How Community Gardens Can Help Children with Special Needs
The immediate benefits of community garden and urban farm projects are clear. They provide a sustainable means to combat local food insecurity. Other benefits are less clear, but no less impactful. A recent development in Calgary Alberta substantiates the social value of community gardens, as it applies to children with disabilities. To further expand upon the concept being applied to the Camp Bonaventure in Calgary, we are taking a look at how community gardens can help children with special needs.
5 Ways Community Garden and Farming Projects Can Help in the Development of Children with Disabilities
1. Physical Development
A child’s strength and dexterity can be developed when participating in a community garden. This is especially important for those with physical disabilities that make traditional forms of childhood exercise (participation in sports, etc.) less practical. Community farming works all of their major muscle groups. The body bends, pulls, lifts, and stretches, performing every action that is beneficial to the development of large muscle groups. The act of planting, which involves the use of small tools, weeding and harvesting increase strength and control of a child’s fine motor skills. Certain disabilities will require adjustments in the garden/farm. For example, specialized tools, large planting pots, and raised-bed systems will help children who are confined to wheelchairs find success in the garden.
2. Cognitive Development
Childhood development concerns are not always visible. Learning disabilities and problems concentrating (ADHD) can have a severe impact on a child’s ability to function in society. Community gardens can help. Numerous case studies conducted by the Royal Horticultural Foundation (RHF) in the UK delivered fascinating results regarding children with special educational needs. There were improvements in the acquisition of knowledge and understanding, the ability to think independently, and they were better able to question and to apply concepts and principles in different contexts. Curriculum results included enhanced communication skills and improved use of vocabulary. Another study on children suffering ADHD found that outdoor exposure (i.e. participating in a community garden) enhanced their ability to concentrate.
3. Social Development for Children with Disabilities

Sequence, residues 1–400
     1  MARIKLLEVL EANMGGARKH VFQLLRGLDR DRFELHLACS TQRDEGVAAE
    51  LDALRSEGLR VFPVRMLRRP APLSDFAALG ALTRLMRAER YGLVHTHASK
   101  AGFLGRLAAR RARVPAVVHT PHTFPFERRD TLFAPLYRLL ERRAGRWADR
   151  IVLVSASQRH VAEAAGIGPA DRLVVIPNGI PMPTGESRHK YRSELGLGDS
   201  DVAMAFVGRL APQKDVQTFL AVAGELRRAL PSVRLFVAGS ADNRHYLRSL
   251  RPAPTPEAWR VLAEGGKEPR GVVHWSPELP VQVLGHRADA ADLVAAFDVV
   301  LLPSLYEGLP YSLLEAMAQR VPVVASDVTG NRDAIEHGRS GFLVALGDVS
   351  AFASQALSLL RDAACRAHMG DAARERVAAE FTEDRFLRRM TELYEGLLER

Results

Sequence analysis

Disabled children are often left out of many social situations, in and outside of school. By brining all children together in a community farming program you create an environment that fosters social interaction for all. A study of children with disabilities who participated in gardening found that their nonverbal communication skills and situational awareness improved. This helps them better interact with peers, allowing them the opportunity to make connections and form relationships.
4. Social Development for Other Children
The root of the social disconnect between children of differing abilities is often found with those that don’t understand disabilities. Kids (and adults) often fear what they don’t understand. This emotion can be turned into compassion. By creating a common ground where all can interact and engage, walls that were put up come crumbling down. If children living with what society deems to be normal facilities learn to work together with children of all abilities they will quickly find that the perceived differences are not so different after all.
5. Stress Reduction
Kids get stressed too. Children with disabilities have additional weight added to their shoulders that can cause them to feel more stress. Those with learning disabilities, for instance, are more likely to feel the effects of stress and exhibit signs of tension and anxiety (Brinckerhoff, Shaw, McGuire, 1993). Studies have shown that community gardening can help alleviate this. The following quote from a Grade 9 student involved in the RHF program addressed above sums it up well:
“Gardening is a useful thing as it calms me down, it’s a relaxing thing to do. I hope to come back to work in the polytunnel in Year 10, it has been a good experience” (RHS SEN Schools Project 2009-2010)
It’s important to note that in order to take full advantage of the above benefits you will need to make sure that your community garden is accessible. Every city will have its own set of guidelines to abide by. In Greater Vancouver, for example, you can refer to this copy of Accessible Community Garden Guidelines.
Do you have any stories to share about how community gardening has benefited a child with disabilities in your life? We’d love to hear about them! Follow our Foundation on Facebook or Twitter, or find this article on our recently published posts, and leave a comment.